The Trump cabinet is going to be plagued by scandals.

On Monday, appearing at his first press conference since Donald Trump was made president-elect, Barack Obama spoke proudly about his administration’s track record, which was squeaky clean by two-term presidential standards. I am very proud of the fact that we will—knock on wood—leave this administration without significant scandal,” he said. “We’ve made mistakes, there have been screw-ups, but I will put the ethics of this administration and our track record in terms of just abiding by the rules and norms, and keeping trust with the American people—I will put this administration against any administration in history.”

On the one hand, Obama is playing a familiar (and often frustrating) role: he’s being professorial, instructing Trump that the office of the presidency has certain norms and that following those norms leads to success. On the other, he’s building a narrative that is going to be weaponized once Trump takes office: Things are good right now, and when they go south everyone will know who to blame.

Unfortunately for Trump, he’s building a cabinet that is destined to plague his administration with scandals. Many of the people set for top jobs in his administration are either bomb throwers or have closets practically made out of skeletons.

Steve Bannon deserves every bit of scrutiny he’s now receiving. A white nationalist who ran a website that regularly denigrates women and minorities, Bannon’s appointment has given us a taste of what the next four years will be: a continuation of the worst parts of 2016, in which one scandal follows another in a seemingly never-ending loop. Just two days after he was made equal partners with incoming Chief of Staff Reince Preibus, The Daily Beast reported that Bannon may have received illegal payments from a PAC funded by megadonors (and Trump superfans) Robert and Rebekah Mercer.

But nearly every frontrunner for a cabinet position is prone to scandal. Ben Carson and Rudy Giuliani were both born with a foot in their mouth; Michelle Rhee’s track record suggests unending conflict and scandal, and her husband is Kevin freaking Johnson; Laura Ingraham as press secretary guarantees fighting a war on two fronts, the left and the right; John Bolton has never been to a country he didn’t want to bomb; Jeff Sessions has links to white supremacists. Trump’s refusal to relinquish assets, and his insistence that his children receive classified briefings, suggest that his business interests will also be a source of scandal throughout his presidency.

Obama was right. His administration has as clean a record as any, no small accomplishment in these hyper-partisan times. In contrast, Trump’s cabinet is destined to be beset by scandals both major and minor from day one.

January 20, 2017

Donald Trump’s inauguration speech echoes not Washington or Lincoln but Bane from The Dark Knight Rises.

Presidential speeches are often rich in allusion. President Obama in particular liked to echo phrases previously uttered by figures like George Washington, Abraham Lincoln, and Martin Luther King, Jr.

President Trump’s inaugural speech also had an allusion but an unusual one. Bane is perhaps the most political villain in the Batman pantheon. In The Dark Knight Rises, he leads a populist revolution against the corrupt elite of Gotham City. In one speech he says, “And we give it back to you ... the people.” These words were repeated almost exactly by Trump. The inflection and pause were also the same. The prospect of President Bane is not a reassuring thought.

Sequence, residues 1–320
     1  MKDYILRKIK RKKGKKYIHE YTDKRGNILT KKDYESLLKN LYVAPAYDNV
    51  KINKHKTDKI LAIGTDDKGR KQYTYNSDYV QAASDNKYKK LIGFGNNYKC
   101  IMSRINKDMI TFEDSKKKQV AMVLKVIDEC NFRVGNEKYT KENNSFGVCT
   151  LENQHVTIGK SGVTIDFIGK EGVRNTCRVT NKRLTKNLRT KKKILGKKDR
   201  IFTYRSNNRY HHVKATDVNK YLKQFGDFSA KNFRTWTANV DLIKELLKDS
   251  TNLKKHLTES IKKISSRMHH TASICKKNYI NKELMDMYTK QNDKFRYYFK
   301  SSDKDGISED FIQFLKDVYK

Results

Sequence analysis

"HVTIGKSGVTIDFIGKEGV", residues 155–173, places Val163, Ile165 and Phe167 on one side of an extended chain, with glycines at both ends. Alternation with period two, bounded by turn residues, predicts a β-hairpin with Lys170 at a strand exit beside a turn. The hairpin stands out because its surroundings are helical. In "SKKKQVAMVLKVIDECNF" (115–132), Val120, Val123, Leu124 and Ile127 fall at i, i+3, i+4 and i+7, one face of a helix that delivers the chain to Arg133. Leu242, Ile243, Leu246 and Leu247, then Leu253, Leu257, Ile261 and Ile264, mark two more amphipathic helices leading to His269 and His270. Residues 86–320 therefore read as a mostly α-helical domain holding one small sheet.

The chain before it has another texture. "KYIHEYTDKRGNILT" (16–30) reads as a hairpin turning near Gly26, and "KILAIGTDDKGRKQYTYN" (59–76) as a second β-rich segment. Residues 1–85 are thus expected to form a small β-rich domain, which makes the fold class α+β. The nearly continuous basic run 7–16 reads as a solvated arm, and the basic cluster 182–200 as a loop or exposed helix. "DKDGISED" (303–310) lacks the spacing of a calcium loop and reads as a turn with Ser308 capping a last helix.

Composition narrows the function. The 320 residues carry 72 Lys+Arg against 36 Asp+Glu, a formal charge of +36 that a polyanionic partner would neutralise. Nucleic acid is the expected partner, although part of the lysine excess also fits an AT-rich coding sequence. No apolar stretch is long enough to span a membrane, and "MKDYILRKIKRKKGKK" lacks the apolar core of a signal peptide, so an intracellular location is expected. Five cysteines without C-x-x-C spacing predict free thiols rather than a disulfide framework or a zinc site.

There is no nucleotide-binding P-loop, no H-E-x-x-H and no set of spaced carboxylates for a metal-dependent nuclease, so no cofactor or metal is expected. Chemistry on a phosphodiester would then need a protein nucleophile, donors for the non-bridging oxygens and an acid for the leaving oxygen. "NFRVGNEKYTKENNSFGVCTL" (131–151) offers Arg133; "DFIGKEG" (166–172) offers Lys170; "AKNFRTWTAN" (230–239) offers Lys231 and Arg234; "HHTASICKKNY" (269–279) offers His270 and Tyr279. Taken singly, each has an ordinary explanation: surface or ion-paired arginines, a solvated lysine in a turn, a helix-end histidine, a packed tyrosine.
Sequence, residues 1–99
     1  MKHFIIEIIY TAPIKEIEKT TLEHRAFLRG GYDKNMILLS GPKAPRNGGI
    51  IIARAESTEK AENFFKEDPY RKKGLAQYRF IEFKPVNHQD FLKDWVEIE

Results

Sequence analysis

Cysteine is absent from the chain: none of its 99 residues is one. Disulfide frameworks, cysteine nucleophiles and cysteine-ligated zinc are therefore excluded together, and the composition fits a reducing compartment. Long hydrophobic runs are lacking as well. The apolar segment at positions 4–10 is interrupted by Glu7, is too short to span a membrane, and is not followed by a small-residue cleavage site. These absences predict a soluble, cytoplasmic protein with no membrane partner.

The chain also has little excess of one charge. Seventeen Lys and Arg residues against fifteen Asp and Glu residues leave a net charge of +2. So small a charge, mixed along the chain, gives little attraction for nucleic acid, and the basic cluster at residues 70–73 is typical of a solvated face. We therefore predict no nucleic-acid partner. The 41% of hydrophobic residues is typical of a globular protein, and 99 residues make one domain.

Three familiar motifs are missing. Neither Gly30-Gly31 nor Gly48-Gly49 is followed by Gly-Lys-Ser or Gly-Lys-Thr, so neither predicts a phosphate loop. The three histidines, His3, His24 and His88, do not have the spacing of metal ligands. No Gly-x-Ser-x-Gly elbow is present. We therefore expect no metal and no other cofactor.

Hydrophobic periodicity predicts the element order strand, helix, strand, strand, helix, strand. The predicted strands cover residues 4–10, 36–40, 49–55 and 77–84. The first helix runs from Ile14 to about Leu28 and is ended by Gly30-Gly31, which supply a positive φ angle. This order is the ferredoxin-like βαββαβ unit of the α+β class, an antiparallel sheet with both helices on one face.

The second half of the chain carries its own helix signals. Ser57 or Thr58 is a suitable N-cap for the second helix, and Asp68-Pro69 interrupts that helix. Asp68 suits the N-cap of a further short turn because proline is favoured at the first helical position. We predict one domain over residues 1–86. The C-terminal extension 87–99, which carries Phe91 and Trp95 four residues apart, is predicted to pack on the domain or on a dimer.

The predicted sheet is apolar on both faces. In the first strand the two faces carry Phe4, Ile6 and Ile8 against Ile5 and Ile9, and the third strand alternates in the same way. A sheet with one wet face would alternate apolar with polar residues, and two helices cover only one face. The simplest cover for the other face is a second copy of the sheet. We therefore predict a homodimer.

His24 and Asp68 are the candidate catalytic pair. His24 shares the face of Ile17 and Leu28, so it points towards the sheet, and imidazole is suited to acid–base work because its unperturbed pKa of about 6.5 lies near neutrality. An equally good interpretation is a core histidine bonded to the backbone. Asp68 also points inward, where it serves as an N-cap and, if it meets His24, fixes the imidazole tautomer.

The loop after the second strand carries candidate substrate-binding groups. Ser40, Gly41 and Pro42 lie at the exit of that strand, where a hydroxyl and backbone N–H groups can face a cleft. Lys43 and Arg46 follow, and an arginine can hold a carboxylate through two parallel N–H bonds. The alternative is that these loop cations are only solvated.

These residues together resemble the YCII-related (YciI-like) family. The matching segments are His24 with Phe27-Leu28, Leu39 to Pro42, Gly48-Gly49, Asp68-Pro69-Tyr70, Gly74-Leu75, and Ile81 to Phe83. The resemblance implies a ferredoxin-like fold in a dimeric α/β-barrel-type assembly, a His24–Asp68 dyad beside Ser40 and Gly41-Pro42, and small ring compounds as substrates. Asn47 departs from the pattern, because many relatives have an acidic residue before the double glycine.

Alex Wong/Getty

Donald Trump’s inauguration speech was aimed at his supporters and no one else.

Trump will enter the White House with the lowest approval rating in recorded history. The expectation from pundits was that Trump would use his inaugural address to try to heal the country’s wounds and assure America that he would be president for everyone—that he would finally put his campaign behind him and start to govern the entire country, not just the parts that voted for him.

For nearly a year now, pundits have been waiting for Trump to pivot. It never happened, of course. Trump ran the same campaign in the primaries that he did in the general election, emphasizing economic nationalism and white grievance, while presenting himself as the only man who could save the country from ruin. The speech he gave at the inauguration could have been given at any point over the past 18 months: It was combative, radical, and alarming. It was delivered in a pitch that usually sends his supporters into a frenzy.

“American carnage” is how Trump depicted this country, a dark, decimated place where “rusted-out factories [are] scattered like tombstones.”

For too long, a small group in our nation’s capital has reaped the rewards of government while the people have borne the cost. Washington flourished, but the people did not share in its wealth. Politicians prospered, but the jobs left and the factories closed. The establishment protected itself, but not the citizens of our country. Their victories have not been your victories. Their triumphs have not been your triumphs. And while they celebrated in our nation’s capital, there was little to celebrate for struggling families all across our land.

That all changes starting right here and right now because this moment is your moment, it belongs to you.

Trump set up a dichotomy in the speech: There was honest, hardworking America and there was corrupt Washington D.C., which stole the jobs and wealth of hardworking America and gave it to themselves and to foreigners. Trump promised those days were over. “For many decades, we’ve enriched foreign industry at the expense of American industry; subsidized the armies of other countries, while allowing for the very sad depletion of our military. We’ve defended other nations’ borders while refusing to defend our own.”

He claimed that he wrote his own speech, but it had Steve Bannon’s fingerprints all over it. Real America vs. Washington D.C. had a double meaning. It channeled the grievances of his voters, who are predominantly white and rural and hostile toward both elites and multiculturalism in general. Trump’s promise was to return America to them.

Trump’s inauguration, as the BBC sees it.

The British Broadcasting Corporation is struggling to cover the inauguration of the 45th president of the United States. “The success of Donald Trump may, uh, recalibrate the definition of success,” one commentator says. Furthermore, people appear to have come from “different parts” of the United States to attend. The journalists who are speaking leave long gaps between clauses. Melania Trump is “Slovenian; tall,” they observe.